The Proposal for a DIRECTIVE OF THE EUROPEAN PARLIAMENT AND OF THE COUNCIL on copyright in the Digital Single Market was rejected by the European Parlament 318 to 278. The law can now be further discussed in the European Parlament and can be amended as needed.
Great success: Your protests have worked! The European Parliament has sent the copyright law back to the drawing board. All MEPs will get to vote on #uploadfilters and the #linktax September 10–13. Now let’s keep up the pressure to make sure we #SaveYourInternet! pic.twitter.com/VwqAgH0Xs5
— Julia Reda (@Senficon) 5 July 2018
What’s the significance of this vote?
The controversial parts of the law were Article 11 and Article 13. The condensed version is that they would require hosting sites to be liable for copyright infringement. This means that if someone posts a copyrighted image on a website, the website could be in trouble, along with the poster.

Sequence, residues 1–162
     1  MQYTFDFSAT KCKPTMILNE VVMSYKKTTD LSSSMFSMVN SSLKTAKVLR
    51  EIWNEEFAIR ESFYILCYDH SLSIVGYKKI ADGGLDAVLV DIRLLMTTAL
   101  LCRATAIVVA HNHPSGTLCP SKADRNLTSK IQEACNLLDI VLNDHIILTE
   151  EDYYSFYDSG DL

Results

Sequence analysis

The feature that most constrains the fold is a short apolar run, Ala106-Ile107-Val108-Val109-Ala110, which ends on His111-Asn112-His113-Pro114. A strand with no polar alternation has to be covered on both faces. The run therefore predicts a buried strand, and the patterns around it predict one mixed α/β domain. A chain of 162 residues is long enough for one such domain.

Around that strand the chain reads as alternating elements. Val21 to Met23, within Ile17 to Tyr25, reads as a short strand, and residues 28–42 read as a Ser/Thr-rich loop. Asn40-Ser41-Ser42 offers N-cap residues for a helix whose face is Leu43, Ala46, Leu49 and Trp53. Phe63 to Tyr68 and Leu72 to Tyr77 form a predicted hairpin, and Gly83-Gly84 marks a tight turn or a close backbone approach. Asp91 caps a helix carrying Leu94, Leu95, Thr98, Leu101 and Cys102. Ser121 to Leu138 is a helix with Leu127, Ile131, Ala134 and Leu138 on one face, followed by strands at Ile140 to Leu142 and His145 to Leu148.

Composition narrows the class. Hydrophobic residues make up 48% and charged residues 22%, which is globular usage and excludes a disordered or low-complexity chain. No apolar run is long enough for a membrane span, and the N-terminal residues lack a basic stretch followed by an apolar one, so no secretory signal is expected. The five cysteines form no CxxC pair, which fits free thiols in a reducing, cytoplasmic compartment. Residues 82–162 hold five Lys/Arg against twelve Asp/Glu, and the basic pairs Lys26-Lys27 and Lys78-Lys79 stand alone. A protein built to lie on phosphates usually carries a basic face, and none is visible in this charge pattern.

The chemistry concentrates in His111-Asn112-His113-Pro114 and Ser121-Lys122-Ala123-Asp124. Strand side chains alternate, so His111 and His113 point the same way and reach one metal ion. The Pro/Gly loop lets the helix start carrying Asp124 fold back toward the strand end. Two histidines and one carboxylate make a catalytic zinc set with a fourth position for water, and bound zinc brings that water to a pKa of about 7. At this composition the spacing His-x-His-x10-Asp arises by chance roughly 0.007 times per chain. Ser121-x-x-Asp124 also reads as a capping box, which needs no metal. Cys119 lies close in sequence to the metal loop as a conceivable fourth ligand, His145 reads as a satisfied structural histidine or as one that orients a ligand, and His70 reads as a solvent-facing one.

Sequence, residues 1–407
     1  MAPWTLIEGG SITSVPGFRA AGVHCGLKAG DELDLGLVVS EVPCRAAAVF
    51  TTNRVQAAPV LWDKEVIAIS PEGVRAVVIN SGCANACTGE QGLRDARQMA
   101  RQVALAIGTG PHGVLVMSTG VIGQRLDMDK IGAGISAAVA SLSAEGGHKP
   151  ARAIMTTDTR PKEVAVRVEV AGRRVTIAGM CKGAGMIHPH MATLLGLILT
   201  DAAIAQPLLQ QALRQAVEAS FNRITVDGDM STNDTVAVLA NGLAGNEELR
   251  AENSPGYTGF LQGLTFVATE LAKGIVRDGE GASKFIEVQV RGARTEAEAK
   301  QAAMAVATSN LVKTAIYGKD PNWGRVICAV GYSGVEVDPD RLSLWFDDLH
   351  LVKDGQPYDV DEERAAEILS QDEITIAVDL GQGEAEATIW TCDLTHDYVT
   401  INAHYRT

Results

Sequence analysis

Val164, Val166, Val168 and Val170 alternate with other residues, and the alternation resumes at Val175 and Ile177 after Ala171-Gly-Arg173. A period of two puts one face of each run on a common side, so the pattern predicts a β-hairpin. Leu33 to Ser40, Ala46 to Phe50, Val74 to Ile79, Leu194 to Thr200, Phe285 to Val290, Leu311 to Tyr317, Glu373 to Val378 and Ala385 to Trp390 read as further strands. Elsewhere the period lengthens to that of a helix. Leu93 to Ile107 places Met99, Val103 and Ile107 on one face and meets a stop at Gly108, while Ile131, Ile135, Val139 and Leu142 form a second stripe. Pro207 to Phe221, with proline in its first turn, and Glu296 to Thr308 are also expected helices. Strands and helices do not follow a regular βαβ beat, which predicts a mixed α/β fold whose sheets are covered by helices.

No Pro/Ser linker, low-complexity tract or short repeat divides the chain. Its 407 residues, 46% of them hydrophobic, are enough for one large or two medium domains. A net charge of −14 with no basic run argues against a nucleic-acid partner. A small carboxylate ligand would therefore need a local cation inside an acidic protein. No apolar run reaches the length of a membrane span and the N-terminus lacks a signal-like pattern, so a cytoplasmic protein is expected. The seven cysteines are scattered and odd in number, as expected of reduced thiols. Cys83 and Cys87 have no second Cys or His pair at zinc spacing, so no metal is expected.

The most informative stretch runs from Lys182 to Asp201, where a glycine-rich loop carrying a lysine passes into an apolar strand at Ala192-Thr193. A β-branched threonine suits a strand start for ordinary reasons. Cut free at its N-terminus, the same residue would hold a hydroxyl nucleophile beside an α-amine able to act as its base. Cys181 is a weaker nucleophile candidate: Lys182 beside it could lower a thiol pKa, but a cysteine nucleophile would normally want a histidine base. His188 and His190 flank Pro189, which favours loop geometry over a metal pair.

This drew criticism from academics to internet activist alike, dubbing the articles a “Link Tax” and “Censorship Machine” respectively. In an open letter, activists argued that Article 13 would take “an unprecedented step towards the transformation of the internet from an open platform for sharing and innovation, into a tool for the automated surveillance and control of its users”.
While this is still a win for the Internet, it still does not stop here. The law will be open to debate and will be voted on again between September 10 and 13. If you disagree with these laws, make sure to get in contact with our MEPs.
Do you think the internet should be so heavily policed? Tell us what you think in the comments below.